First-quarterearnings season has revealed a very big problem
for the S&P 500.
With weakness in China and Europe weighing on the globaleconomy
,sales growth continues to slow. That's always a concern for
investors, but after four years of extreme cost cutting that has
pushed margins to record highs, limited sales growth is a huge
headwind forearnings growth. And there is nothing more important
togains on the chart than earnings growth.
But here's the good news: The S&P 500 has never been better
equipped to combat this problem.
With the private sector sitting on record margins and
earnings,cash and short-terminvestments have grown to record
levels, up 6.1% in 2012 to $1.27 trillion. And that is how the
S&P 500 is going to counter slower sales and earnings growth
and incentivize investors: by using its record cash balance to
In fact, this is already happening. According to data from
FactSet Research Systems (
, as of March, dividend growth in the S&P 500 is up 17% from
lastyear . That rate is more than twice the long-term growth
average of just 6%.
In a great example of this trend,
Apple (Nasdaq: AAPL)
is now yielding 2.9% aftershares fell from above $700 last year
to $425. Apple has been working to grow sales and earnings, but
it turns to its record cash balance of more than $100 billion to
retain its current shareholders and attract a new class of
investors searching forincome .
Thisbullish trend in the dividend growth rate has the S&P 500
carrying an outsize 2.1%dividend yield , well ahead of the
10-yearTreasury note 'syield of just 1.7%.
As you can see, the S&P 500 isn't content to let slower sales
growth get in the way of producing gains for investors, making
this a great time to invest in companies with strong cash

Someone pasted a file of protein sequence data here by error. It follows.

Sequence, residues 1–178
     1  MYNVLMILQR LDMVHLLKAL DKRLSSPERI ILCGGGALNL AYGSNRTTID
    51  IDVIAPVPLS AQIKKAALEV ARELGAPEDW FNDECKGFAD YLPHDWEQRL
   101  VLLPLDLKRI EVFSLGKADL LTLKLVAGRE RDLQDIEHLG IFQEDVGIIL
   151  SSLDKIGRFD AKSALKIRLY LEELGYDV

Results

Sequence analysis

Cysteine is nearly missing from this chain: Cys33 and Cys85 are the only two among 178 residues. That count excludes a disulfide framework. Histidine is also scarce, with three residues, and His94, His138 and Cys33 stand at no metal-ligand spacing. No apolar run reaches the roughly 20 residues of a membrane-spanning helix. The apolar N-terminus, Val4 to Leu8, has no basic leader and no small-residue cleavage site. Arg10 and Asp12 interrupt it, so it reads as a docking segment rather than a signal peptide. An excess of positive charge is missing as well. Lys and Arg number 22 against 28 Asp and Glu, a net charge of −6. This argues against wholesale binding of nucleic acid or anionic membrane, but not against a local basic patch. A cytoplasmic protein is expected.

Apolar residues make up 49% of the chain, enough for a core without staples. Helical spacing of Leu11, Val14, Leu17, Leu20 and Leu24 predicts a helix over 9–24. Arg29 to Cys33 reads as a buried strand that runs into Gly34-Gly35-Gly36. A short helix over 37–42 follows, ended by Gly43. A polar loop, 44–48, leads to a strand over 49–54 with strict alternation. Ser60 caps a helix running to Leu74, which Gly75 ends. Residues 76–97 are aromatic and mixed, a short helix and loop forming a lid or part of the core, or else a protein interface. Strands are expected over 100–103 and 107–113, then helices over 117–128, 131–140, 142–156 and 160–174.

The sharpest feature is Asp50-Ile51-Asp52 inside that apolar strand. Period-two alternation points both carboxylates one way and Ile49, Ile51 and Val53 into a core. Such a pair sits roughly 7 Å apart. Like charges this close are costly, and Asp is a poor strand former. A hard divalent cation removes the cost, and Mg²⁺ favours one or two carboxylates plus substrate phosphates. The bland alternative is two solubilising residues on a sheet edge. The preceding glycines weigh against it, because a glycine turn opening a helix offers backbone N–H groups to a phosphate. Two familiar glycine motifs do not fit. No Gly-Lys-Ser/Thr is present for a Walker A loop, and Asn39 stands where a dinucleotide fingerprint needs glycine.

balances and a history of outsize dividend growth. This is the
strategy behind Street Authority's "
," a portfolio of U.S. companies sitting on a $1.7 trillion cash
pile that could be rewarded to investors.
These are the nine S&P 500 companies that have logged the
biggest dividend growth in the past five years.
From this group, I'm highlighting
Wynn Resorts (Nasdaq: WYNN)
because of its large dividend yield and bullish growth
because of record-low valuation.
Wynn Resorts has grown its dividend an aggressive 142% in the
past five years, to an outsize 3%. But the casino and resorts
owner and operator isn't just an income play -- the company
continues to see big gains in sales and earnings.Analysts
forecast 23% earnings growth in this year and 12% annual growth
in the next five years.
In spite of an impressive 16%gain in its most recentfiscal year ,
Wynn's shares trade with a forward price-to-earnings (P/E ) ratio
of 20, just a 15% premium to the industry average.
Ensco has grown its dividend 123% in the past five years, lifting
its dividend yield to 3.6%. With natural gas and oil prices
moving higher in 2013, analysts are expecting big results from
Ensco this year, projecting earnings growth of 23%.
In the next five years, analysts are calling for earnings growth
of 25%, well ahead of the industry average of 15%. Despite these
bullish growth projections, Ensco's forward P/E ratio of 8 is a
huge discount to the industry average of 46 and the S&P 500's
Risks to Consider:
In the past few years, dividendstocks have experienced
outsize gains that have lifted shares to record highs and
compressed yields. Rotations into higher yielding stocks couldput
downward pressure on dividend stocks.
Action to Take -->
With the S&P 500 sitting on record cash and struggling to
find ways to growrevenue and earnings, many companies are
choosing to reward investors directly through dividend growth.
These nine companies are great candidates for investors searching
for income growth. From the group, I like Wynn Resorts because of
its large dividend yield and bullish growth projection, and Ensco
for its record-low valuation.
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